TADFF 2016 Review: The Rezort
Humans often have the inherent need to be in control and to make sense of their surroundings. A sense of arrogance can come from this behaviour that can lead to disaster. When you combine those elements while living in a world of a zombie outbreak, you end up with an idea like Steve Barker’s The Rezort. The smugness of the world’s population has lead to herding the last remaining zombies to enclosures on a secluded island where people can pay to hunt them down. People come for a variety of reasons — power, aggression, anger, entertainment — but the audacity they have believing everything is completely under their control of course leads to mayhem.
It’s almost impossible not to compare this film with Steven Spielberg’s classic Jurassic Park. A secluded island, dangerous tourist attractions, failed security systems unleashing deadly chaos, it’s all heavily borrowed. In an effort to improve their relationship and cope with her troubled past, Melanie (Jessica De Gouw) and Lewis (Martin McCann) have spent a lot of money on a trip to The Rezort. Here they hope they can work out some of the strain between them and bond over their shared experience. The tourists are divided into groups, given gun training, and given a guide that will shuttle them around the park so they can kill zombies. Early into the excursion, the computer security system malfunctions, causing the security fencing to go down. Melanie, Lewis, and their group must find a way to make it back to base camp and catch the boat to safety. They must work to survive against the free-roaming zombies and the incoming fire bombing of the island designed to stop any further outbreaks. On their journey they discover the culprit behind the disaster and the ultimate capitalistic motivations of the company running the island.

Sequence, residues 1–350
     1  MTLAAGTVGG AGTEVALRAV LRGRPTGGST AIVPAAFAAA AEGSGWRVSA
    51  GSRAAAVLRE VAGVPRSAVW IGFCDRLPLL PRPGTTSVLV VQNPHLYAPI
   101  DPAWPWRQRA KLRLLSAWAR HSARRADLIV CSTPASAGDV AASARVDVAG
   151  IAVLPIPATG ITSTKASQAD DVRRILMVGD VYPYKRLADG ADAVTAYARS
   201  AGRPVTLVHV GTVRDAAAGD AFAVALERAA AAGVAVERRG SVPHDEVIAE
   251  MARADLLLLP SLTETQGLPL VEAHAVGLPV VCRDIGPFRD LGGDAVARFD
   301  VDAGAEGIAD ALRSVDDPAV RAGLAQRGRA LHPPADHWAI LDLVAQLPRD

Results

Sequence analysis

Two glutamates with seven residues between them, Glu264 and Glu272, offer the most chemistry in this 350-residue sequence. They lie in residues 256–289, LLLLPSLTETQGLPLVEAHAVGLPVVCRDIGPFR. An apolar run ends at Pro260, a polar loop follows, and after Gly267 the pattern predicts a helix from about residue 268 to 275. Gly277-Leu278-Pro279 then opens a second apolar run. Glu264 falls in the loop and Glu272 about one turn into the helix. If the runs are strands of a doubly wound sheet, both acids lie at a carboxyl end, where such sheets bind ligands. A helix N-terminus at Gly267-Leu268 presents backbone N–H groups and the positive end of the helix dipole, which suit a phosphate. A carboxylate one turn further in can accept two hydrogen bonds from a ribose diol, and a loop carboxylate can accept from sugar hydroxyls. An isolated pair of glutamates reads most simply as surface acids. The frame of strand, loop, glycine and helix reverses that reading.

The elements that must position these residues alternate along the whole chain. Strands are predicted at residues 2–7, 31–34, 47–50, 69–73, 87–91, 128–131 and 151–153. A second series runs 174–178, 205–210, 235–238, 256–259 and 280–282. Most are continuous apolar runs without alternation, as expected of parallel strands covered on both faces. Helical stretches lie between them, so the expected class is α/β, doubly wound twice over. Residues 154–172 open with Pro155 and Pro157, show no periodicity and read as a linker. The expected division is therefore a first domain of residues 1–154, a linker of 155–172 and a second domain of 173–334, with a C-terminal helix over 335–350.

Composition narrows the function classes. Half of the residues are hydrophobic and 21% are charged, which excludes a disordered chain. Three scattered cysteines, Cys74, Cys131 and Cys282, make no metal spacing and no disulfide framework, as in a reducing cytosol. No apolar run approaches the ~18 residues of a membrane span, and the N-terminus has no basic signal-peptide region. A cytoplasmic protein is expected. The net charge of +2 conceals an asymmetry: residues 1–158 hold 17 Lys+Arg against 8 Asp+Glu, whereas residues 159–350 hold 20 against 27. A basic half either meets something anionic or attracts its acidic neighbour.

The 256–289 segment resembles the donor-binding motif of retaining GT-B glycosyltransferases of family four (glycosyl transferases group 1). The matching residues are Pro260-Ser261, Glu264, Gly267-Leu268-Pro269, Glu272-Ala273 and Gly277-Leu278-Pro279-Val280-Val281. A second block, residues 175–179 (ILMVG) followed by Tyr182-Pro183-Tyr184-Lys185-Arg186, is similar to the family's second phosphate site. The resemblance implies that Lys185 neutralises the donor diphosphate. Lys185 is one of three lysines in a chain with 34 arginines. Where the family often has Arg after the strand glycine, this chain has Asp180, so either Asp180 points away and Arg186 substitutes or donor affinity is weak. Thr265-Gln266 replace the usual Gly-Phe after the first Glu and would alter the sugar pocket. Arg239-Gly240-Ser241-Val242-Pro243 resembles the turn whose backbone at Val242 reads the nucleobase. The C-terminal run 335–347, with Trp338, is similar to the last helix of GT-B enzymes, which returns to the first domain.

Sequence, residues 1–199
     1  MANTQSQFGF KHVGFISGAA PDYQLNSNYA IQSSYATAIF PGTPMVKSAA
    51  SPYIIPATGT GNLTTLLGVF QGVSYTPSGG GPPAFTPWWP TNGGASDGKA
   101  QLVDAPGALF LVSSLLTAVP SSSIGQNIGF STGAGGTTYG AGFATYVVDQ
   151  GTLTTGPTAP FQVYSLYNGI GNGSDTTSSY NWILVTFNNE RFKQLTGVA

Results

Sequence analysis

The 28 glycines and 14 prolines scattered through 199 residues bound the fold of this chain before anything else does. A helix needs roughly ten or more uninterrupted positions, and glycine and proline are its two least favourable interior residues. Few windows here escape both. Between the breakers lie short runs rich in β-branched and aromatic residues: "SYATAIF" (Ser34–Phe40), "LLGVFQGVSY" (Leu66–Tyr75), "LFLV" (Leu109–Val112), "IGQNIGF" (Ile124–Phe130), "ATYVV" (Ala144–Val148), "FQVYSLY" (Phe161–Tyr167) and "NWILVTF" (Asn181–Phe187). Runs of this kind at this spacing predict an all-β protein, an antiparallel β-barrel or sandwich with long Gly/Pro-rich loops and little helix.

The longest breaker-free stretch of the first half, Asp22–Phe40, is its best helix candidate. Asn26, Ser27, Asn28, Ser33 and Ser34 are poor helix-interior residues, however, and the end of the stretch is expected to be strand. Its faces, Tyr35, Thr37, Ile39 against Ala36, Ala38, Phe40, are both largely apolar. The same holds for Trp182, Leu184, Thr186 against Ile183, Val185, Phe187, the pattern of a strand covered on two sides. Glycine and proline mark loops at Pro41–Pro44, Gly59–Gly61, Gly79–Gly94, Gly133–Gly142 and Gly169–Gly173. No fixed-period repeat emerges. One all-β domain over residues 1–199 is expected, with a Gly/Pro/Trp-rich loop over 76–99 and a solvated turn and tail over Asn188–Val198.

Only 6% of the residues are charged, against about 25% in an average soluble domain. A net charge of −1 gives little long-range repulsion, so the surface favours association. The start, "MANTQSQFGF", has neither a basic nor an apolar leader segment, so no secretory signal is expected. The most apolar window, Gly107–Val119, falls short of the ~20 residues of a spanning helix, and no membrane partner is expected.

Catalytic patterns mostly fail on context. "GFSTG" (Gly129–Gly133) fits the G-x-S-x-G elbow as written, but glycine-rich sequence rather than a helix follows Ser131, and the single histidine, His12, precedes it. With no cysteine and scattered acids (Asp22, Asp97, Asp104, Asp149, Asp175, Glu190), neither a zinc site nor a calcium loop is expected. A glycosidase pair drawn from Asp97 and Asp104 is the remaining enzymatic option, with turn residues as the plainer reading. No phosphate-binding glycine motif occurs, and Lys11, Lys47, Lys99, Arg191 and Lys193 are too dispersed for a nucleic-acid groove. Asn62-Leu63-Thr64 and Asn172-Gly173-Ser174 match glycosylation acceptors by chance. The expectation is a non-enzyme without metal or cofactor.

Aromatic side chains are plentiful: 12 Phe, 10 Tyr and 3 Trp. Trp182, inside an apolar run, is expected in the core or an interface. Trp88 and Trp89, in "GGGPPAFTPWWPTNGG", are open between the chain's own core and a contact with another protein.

The film has a strong, interesting idea but it lacks in the execution. The story needs to be given a re-write, expanded, and given a polish in order to truly capitalize on the themes being presented. It is unfortunately bogged down by budget constraints and acting limitations of the cast. It did have some exciting action sequences and several of the characters had memorable moments but it otherwise falls short.
The story falls into typical survival horror tropes. One by one each character meets their demise until we are left only with the heroine who survives through outrageous situations and is the one who exposes the truth that resolves the story. Several of the character deaths are lazy, in which a momentary act of stupidity costs them their lives. There’s also plenty self-sacrifices for the good of the group. The film would be stronger if the characters were smarter.
The film does raise a lot of interesting questions about human nature and our shared need to make sense of the world. It explores many different types of motivations behind our individual beliefs and actions and that adds a layer of depth to the film that is certainly needed. The film has a solid core concept and strong ideas in theory but it unfortunately fails to fully realize its ambitions.